In Baghdad, the Iraqi military is attempting to shut down two media organizations for allegedly misquoting officials. A top Iraqi military spokesperson said he was filing a lawsuit seeking to close the Baghdad office of Al-Hayat, one of the most prominent newspapers in the Arab world, as well as the satellite signal of the TV channel Al Sharqiya. The Iraqi military has criticized local, Arab and international news media for recent reports about arrests of members of the Sunni Awakening Councils.
The New York Times is reporting the Obama administration and its European allies are preparing proposals that would allow Iran to continue enriching uranium for some period during negotiations to press Iran to open up its nuclear program to wide-ranging inspection. This would be a sharp break from the approach taken by the Bush administration, which had demanded that Iran halt its enrichment activities, at least briefly, to initiate negotiations. Administration officials said the long-term goal remains the suspension of Iran’s enrichment program.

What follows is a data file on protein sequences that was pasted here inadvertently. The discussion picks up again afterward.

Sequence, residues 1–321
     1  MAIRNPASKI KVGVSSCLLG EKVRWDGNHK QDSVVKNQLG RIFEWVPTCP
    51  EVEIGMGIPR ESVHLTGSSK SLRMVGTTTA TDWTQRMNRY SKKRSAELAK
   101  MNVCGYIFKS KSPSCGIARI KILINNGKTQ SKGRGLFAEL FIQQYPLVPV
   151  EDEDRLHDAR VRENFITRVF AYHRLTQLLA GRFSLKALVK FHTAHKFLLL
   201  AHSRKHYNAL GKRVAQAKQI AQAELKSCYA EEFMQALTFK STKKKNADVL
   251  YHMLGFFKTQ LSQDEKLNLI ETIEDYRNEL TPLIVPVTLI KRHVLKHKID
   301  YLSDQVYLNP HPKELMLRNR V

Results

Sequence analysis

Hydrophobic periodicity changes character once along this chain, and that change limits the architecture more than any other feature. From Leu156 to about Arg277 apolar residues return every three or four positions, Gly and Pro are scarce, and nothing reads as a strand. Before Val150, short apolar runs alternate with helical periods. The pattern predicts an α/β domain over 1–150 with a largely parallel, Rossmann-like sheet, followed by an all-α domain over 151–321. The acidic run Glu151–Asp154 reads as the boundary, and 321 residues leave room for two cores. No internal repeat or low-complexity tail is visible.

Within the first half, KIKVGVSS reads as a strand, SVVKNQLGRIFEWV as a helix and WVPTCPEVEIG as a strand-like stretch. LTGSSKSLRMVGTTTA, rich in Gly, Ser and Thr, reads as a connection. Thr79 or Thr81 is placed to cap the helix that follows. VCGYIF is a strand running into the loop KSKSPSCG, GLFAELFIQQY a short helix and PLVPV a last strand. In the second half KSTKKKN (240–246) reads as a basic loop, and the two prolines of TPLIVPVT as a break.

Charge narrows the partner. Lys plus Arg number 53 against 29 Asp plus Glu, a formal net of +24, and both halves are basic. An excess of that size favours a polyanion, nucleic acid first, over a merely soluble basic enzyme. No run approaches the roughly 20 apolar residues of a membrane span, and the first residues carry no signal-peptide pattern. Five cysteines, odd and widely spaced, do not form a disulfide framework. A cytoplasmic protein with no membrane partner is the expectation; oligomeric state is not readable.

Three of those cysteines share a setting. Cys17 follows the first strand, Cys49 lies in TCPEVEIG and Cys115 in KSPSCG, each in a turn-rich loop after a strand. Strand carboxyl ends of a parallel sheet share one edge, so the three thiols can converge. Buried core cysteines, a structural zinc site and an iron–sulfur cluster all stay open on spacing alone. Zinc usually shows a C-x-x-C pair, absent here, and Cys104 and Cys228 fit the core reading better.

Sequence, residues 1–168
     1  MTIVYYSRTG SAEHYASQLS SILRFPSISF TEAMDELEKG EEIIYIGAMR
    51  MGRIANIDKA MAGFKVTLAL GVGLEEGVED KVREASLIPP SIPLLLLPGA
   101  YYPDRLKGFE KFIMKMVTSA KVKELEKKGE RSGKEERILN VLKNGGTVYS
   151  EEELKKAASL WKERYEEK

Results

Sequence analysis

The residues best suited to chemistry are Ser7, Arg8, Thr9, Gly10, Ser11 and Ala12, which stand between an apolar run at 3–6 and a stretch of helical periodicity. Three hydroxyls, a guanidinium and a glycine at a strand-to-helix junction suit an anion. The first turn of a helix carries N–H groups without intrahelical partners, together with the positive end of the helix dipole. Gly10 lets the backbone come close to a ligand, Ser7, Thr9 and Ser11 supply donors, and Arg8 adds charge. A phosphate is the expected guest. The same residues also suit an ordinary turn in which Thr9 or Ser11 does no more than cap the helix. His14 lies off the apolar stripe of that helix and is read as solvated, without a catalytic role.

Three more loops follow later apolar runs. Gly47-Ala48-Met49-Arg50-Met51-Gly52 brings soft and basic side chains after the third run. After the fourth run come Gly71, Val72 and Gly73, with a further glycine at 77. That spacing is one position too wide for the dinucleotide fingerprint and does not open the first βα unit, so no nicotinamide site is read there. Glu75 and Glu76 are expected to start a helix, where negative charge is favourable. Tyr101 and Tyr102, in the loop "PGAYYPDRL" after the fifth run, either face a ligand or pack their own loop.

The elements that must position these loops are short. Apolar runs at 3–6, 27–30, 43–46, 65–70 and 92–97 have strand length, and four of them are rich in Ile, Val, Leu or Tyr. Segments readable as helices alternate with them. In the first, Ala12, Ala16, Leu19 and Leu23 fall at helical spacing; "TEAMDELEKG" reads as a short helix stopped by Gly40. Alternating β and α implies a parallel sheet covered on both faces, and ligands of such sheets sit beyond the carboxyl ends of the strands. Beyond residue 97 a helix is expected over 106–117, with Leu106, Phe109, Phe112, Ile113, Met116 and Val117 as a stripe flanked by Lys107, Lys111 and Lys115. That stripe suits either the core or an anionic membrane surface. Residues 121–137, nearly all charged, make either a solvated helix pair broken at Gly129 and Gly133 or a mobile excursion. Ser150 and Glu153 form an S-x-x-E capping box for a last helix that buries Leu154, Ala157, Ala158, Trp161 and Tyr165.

The Washington Post reports the Obama administration appears to be standing by its decision to boycott the World Conference Against Racism next week in Geneva, despite efforts to focus and tone down language in a draft conference document critical of Israel. Israel and several Jewish advocacy groups have urged the United States and other nations not to take part in the conference. But a number of other groups, including TransAfrica and the NAACP Legal Defense Fund, are urging the Obama administration to participate in the conference. Imani Countess of TransAfrica said, “For President Bush not to participate, that would have been expected. For Barack Obama’s administration not to participate sends a disappointing signal. It says these issues are not important.”